Breaking Boko Haram’s Back

The 4th international conference of U6, themed “Addressing the Sustainable Development Goals (SDGs) through Collaborative and Transnational Research”, was held at the University of Cape Coast, Ghana, between September 12 and 16. By the way, what is U6?

U6 is a consortium of six universities (plus others) impassioned by the need to promote South-South academic and research partnerships as a way of advancing development in Africa. Formed at the University of Ilorin in 2012, members of the U6 include the University of Cape Coast, Ghana; Cape Peninsular University of Technology, South Africa; Jaramogi Oginga Odinga University of Science and Technology, Kenya; Kwara State University, Nigeria; University of The Gambia, The Gambia and of course, the University of Ilorin, Nigeria. The membership of U6 has grown to include the University of Calabar, Nigeria, and the University of Eldorat, Kenya. The aims and objectives of U6 are similar to those of the Global Universities Network for Innovation (GUNI).

Invited to be a lead speaker on the sub-theme of Peace, Security and Development, my paper last Thursday (September 15, 2016) was entitled “Breaking the Back of Boko Haram and Building Sustainable Peace in Nigeria.”

After all was said and done, it was made clear that Boko Haram is significantly degraded in Nigeria today, unlike when it controlled many local governments like Ngala, Kala-Balge, Marte, Asira-Uba, Bama, Gwoza, Mafa and parts of Kodunga and Abadam in Borno State and seized as much as 20,000 square kilometres across Borno, Adamawa and Yobe States of the Nigerian soil about two years ago.

Despite the unsuccessful suicide attack on Sallah day and its self-amusing threat of seizing Mr President, Nigeria is much safer than last year from Boko Haram. While the country was ranked  148th out of 162 in 2014 and 151 out of 163 in 2015, a slight improvement on our Global Peace Index of 2016 positions Nigeria as149 out of 163 countries.

To break the back of Boko Haram, a number of approaches are needed, which former President Olusegun Obasanjo once referred to as “carrot and stick”. All of military, diplomatic, strategic, educational, economic and public relations approaches are needed as time demands.

In essence, building peace in Nigeria and avoiding the perilous path of violent agitations of either Boko Haram or any other lethal group rests on seven pillars. These include a vibrant education system that essentially develops the head, the heart and the hands of young Nigerians. With functional education, dysfunctional thinking that eventually leads to negative and destructive actions would be curbed.

Another pillar of peacebuilding that would break Boko Haram’s back is communication and the mass media. Since terrorism thrives on media coverage, there should be a strategic engagement with the amorphous Nigerian media to put national interest above any interest that might warrant hare-brained sensationalism that typifies its vocal section.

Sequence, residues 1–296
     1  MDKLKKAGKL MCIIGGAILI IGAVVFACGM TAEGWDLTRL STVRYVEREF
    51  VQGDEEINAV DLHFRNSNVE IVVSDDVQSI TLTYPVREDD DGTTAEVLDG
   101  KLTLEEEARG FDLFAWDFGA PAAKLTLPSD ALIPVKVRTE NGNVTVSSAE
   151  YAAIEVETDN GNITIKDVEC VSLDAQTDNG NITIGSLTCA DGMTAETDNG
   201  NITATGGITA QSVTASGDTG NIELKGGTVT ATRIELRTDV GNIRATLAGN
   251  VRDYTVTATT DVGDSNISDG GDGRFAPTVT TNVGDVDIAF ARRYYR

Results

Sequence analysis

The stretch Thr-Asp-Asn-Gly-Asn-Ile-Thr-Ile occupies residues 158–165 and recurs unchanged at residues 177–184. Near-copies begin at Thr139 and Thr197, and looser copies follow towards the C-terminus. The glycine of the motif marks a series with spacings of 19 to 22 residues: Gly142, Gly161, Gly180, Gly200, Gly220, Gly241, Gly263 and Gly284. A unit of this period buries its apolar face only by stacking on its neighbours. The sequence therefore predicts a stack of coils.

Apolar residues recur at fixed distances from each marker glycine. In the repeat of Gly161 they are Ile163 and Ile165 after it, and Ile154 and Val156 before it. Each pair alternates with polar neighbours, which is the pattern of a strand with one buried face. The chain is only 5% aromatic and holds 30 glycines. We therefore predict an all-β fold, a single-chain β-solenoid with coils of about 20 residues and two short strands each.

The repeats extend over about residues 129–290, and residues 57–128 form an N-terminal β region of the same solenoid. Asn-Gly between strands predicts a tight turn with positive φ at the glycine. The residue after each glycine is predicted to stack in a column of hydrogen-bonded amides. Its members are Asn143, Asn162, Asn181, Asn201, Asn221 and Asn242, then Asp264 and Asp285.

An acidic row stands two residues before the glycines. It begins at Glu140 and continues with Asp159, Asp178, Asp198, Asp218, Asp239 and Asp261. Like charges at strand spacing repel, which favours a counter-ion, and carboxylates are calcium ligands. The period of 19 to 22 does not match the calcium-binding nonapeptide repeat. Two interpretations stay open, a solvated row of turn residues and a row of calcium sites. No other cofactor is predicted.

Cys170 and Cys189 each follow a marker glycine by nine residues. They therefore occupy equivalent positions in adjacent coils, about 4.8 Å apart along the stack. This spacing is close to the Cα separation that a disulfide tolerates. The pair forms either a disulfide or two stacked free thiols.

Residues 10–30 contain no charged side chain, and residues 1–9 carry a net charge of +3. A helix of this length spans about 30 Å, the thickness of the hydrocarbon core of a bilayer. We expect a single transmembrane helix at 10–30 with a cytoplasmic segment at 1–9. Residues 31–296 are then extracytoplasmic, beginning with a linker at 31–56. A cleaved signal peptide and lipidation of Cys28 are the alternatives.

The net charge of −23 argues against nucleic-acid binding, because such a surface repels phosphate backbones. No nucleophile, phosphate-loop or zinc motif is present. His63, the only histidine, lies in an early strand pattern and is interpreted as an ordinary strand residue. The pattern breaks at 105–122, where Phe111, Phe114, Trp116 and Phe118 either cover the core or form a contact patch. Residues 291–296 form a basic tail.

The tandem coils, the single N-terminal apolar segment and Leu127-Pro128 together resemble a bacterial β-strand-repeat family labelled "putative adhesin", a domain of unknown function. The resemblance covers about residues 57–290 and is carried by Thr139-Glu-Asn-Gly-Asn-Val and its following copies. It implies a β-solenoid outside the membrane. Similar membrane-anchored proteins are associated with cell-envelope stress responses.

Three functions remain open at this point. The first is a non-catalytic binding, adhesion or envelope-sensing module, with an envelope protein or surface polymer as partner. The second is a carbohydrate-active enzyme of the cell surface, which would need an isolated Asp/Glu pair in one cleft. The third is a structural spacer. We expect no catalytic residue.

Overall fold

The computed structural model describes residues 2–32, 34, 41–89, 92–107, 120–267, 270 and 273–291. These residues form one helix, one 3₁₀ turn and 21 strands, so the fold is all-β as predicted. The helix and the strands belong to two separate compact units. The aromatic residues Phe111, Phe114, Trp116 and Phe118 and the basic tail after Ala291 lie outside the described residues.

Besides, without good governance and inclusive politics, there is every possibility for the aggrieved and the socially disadvantaged to resort to self-help. The more our politicians see politics as service, not an opportunity for self-aggrandizement, the more they will inspire the rest of the populace towards positive action. Many years after their death, Nigerians still fondly remember our foremost nationalists for their sacrifices and legacies, which still impact on millions of people till today.

It is said that the basic needs of man are economic and all others are ancillary. In a situation where people find the basic needs of food, clothing and shelter a luxury, their sense of self-worth is diminished and they become vulnerable.  Economic empowerment of our youths is a back-breaker for Boko Haram.

Other components of defeating terrorism and violent agitations in Nigeria include building an efficient and effective security architecture, creating a value-based social system that nullifies corruption and upholding the tenets of justice and equity in the polity.

Unlike Thomas Hobbes who posited that the state of nature is “solitary, poor, nasty, brutish and short”, I think the state of nature is beauty, the same reason for which we all appreciate natural (fresh) air, natural beauty, natural food and nature in its undiluted form. Human beings, by the same token, are naturally good but it is their families, cultures, societies and politics that turn them evil.

Re: Social media or social menace?

Social media is the great gain of globalization that has broken the borders of traditional communication. The social media platform has given room for people to be active participants in the wide range of issues in the society as it also serves as an avenue to learn positive things. The social menace of it has made some people to behave stupidly, using vulgar words to express their points and destructive criticism to rubbish people’s posts that do not suit them. It has also created a lot of political, religious and ethnic prejudice in the minds of brainswashed people. I don’t believe in total freedom due to abuse but I strongly agree that it can be regulated to save us from social thugs and bloggers that spread lies and confusion to build base online. Lastly, people should guard their privacy jealously based on what they intend to post on those social apps. – Aina Akindele Oyebanji, Ketu, Lagos State.